In addition, many of the maps in Secret Weapons include a couple of things introduced in the Road to Rome expansion and patches, such as the PaK-40 anti-tank guns and the bayonet for the Engineer class.
I only play the Battlefield 1942 games offline, but that is only out of circumstance because I simply lack the technology to play online and still be able to have a machine that hasn’t melted into a useless pile of sludge. Believe me when I say that if I were to win the lottery tomorrow and get myself a new über-machine, I would be non-stop on a good BF’42 server 24/7, because I think I could be of use to some squad or clan out there…I do happen to have a good head for this kind of combined-arms with infantry tactics (if I may toot my own horn here). If you can get online on a fast machine with a good connection and many good friends, then you cannot go wrong with the Battlefield 1942 series of games, and especially with Secret Weapons of World War II. Add on a reliable means of voice-communications, and you’ve got the ingredients for one hell of a good way to waste three, five, or even ten hours!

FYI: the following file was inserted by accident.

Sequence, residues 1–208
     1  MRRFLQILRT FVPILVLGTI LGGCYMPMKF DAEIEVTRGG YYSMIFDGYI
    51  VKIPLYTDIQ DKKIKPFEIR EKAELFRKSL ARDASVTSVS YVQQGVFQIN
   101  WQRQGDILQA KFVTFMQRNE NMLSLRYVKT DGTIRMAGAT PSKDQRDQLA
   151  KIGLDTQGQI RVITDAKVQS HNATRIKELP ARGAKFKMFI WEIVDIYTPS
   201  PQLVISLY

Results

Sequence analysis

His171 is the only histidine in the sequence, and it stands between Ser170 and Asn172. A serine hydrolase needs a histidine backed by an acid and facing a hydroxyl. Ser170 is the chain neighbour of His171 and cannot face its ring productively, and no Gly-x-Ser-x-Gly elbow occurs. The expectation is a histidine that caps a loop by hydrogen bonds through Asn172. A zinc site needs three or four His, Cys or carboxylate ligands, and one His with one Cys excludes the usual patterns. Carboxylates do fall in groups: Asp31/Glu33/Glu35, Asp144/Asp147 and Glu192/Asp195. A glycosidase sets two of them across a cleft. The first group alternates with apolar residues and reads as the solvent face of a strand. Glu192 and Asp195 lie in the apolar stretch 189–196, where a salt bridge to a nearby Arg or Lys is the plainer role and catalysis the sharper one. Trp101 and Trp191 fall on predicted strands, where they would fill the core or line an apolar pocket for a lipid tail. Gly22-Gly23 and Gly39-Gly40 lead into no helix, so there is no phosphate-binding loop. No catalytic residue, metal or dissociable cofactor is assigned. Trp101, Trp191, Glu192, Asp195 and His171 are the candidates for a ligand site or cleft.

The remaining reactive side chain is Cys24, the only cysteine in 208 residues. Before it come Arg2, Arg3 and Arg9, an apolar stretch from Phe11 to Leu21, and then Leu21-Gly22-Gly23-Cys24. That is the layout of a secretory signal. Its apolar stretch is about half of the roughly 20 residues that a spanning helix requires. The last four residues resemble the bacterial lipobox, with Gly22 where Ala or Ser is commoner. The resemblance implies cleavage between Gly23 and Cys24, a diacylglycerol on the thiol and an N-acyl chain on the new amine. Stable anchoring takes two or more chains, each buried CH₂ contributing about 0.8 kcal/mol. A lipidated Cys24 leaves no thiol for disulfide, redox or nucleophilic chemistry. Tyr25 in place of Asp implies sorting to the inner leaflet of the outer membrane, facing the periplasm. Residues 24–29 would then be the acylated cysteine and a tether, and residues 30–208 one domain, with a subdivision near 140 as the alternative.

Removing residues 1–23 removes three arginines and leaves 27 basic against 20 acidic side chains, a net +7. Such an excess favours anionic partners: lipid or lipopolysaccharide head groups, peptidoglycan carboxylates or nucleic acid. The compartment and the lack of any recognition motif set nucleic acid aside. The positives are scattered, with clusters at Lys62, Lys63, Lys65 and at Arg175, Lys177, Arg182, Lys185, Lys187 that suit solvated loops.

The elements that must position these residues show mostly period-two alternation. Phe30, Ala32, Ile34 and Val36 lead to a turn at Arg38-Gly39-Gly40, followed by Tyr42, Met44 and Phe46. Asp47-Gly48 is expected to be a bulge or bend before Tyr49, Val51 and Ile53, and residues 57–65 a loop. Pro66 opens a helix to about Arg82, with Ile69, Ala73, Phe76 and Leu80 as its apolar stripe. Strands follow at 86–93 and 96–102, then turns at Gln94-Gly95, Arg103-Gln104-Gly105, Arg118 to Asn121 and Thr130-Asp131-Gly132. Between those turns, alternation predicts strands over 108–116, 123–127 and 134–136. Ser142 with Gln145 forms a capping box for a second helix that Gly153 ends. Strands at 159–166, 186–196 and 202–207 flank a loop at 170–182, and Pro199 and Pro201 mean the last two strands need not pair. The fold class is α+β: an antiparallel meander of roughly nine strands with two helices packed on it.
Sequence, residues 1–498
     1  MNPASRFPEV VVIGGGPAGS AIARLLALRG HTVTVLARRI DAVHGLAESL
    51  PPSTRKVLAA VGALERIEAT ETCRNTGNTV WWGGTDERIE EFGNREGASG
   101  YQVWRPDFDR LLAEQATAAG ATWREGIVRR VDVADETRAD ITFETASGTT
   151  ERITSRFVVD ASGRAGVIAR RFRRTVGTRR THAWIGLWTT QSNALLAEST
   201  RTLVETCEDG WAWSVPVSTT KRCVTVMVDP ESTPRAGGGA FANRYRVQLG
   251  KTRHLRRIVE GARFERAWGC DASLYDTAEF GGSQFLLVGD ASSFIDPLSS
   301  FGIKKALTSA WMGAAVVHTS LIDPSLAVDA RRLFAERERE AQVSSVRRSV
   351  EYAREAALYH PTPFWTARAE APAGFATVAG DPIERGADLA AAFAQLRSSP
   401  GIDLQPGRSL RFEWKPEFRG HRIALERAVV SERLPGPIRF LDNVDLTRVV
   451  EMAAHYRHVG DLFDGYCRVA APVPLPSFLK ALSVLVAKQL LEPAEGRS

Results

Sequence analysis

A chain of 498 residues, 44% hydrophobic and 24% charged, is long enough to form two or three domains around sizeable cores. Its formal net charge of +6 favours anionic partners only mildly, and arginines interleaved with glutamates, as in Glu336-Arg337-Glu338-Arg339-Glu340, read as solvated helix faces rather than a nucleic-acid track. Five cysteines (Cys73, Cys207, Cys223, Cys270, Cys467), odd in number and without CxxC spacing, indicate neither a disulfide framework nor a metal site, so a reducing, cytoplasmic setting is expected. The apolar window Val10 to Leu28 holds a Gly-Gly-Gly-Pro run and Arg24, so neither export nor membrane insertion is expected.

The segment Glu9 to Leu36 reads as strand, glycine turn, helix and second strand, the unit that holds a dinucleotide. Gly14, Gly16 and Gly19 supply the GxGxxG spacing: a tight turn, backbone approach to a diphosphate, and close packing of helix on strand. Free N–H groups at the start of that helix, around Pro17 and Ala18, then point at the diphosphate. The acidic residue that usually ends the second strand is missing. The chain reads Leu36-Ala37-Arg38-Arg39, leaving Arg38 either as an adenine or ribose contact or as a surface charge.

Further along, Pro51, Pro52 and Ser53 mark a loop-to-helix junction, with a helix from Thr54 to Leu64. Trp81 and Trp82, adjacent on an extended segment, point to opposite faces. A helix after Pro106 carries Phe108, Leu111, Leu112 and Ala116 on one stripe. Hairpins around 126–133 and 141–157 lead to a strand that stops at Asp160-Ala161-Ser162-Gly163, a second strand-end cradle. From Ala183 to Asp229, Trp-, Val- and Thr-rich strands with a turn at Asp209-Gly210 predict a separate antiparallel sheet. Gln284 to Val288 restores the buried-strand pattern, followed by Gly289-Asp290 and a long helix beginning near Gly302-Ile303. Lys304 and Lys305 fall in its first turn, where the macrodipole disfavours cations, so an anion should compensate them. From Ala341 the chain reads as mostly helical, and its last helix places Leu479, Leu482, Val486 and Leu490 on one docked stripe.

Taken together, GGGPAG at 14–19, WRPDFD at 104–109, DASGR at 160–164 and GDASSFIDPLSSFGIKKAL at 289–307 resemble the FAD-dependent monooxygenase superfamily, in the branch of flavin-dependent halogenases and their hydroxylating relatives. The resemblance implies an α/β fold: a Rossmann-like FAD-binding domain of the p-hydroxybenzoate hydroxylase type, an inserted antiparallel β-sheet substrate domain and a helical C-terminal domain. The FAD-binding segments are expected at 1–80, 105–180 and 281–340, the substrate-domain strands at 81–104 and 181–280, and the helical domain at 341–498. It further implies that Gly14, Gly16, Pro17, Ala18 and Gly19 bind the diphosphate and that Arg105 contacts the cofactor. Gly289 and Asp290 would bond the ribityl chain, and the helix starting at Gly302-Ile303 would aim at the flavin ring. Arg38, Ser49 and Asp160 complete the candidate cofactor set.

However, as a solo game, the fun only lasts so long. Certain maps, for instance Essen, are easily overrun by the Allies if you play solo with the Germans. But if you join up with the Allies, it becomes a slow slogging crawl that you’ll probably end up losing. It seems weird that if you play solo on a defending side, the AI tends to overwhelm your checkpoints rather quickly, but if you are on the offensive side on the same map, your bot allies will not always be so aggressive. To put it short, it seems that the AI on your side rely a great deal on your own “virtual leadership” and will almost never do anything on their own. That means that if you choose to just fly around trying to blow up stuff, your side will lose; you have to go out and help take the control points yourself.
All things considered though, if you liked the original Battlefield 1942, then this expansion is a must-have! However, for those who are new to the series, you should get the games for the multiplayer action and vehicles and consider the solo-mode as simply a “live-fire exercise”. If what you desire is simpler, campaign-driven infantry combat, then wait for Medal of Honor: Breakthrough, or better still, Call of Duty.